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Heatley, Norman (George)

penicillin scale antibiotic production

(1911– ) British biochemist: made possible the bulk production of the first antibiotic, penicillin.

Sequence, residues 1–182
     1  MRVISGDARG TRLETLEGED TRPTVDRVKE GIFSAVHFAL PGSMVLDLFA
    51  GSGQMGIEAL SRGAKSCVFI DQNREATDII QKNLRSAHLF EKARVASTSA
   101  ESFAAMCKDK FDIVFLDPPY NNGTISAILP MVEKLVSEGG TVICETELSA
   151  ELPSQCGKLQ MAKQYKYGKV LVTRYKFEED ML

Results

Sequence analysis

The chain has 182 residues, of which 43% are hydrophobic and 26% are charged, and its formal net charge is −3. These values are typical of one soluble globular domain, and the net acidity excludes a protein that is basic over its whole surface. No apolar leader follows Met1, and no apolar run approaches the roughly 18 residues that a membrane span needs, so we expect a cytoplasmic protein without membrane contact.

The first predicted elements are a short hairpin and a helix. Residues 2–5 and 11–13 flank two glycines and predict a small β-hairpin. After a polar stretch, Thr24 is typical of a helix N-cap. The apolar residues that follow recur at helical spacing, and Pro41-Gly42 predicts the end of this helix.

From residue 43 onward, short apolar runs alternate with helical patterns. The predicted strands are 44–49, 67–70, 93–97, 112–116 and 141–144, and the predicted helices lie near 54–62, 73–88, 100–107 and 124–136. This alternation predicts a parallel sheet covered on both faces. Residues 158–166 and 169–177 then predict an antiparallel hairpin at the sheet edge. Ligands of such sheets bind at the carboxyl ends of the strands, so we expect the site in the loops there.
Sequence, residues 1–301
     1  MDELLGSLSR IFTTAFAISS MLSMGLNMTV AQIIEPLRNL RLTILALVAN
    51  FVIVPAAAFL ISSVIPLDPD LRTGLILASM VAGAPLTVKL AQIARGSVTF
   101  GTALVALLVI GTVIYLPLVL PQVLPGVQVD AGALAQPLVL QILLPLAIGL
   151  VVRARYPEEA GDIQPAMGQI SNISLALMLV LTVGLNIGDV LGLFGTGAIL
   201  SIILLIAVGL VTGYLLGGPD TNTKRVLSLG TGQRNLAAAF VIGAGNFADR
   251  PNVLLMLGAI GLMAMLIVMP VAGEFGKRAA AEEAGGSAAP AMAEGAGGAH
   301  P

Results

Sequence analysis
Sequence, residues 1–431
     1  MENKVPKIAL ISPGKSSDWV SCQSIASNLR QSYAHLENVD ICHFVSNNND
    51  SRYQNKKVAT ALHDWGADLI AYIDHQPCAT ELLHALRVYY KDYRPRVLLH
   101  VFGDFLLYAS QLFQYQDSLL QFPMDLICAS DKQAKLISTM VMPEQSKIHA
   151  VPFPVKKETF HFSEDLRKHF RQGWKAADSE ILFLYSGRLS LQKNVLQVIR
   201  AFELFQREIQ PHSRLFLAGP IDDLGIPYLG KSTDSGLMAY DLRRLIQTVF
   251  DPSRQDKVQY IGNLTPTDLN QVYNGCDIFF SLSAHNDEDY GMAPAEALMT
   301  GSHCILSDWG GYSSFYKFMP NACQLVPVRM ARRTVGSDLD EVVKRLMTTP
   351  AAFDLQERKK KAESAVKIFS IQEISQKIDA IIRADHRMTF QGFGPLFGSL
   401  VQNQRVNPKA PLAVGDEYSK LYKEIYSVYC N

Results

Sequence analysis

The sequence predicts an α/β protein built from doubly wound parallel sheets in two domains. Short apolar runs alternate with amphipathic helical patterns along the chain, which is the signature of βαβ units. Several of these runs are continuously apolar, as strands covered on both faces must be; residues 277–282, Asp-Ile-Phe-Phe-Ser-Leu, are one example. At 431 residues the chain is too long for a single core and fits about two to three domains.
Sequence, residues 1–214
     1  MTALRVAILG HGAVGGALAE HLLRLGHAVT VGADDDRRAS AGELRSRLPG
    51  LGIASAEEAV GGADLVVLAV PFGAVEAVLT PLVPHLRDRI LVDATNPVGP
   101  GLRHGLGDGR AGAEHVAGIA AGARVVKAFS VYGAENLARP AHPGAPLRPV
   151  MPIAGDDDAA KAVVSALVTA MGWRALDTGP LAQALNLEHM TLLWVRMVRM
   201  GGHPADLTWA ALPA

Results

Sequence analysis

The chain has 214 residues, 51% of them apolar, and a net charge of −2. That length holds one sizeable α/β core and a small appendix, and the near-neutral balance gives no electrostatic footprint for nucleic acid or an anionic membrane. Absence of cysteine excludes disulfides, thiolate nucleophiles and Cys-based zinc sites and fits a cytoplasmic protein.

Heatley was born in Suffolk, the son of a veterinary surgeon. After graduation at Cambridge he continued there, taking a doctorate in biochemistry. His first job, in 1936, was in the School of Pathology at Oxford, where his subsequent career was largely spent. He was working there with when, from 1939, the latter showed that the antibiotic penicillin had important potential clinical value. In the early work on it in Oxford it was secured only in small quantity, barely sufficient for even limited testing. However, Heatley devised the cylinder-plate assay method and a solvent-transfer extraction process, which made penicillin available on a substantial scale. Without this work it would have remained a laboratory curiosity; in fact, large-scale production in the UK and the USA began from 1942, with dramatic results in the treatment of infections. From that time, penicillin and later antibiotics dominated such treatment.

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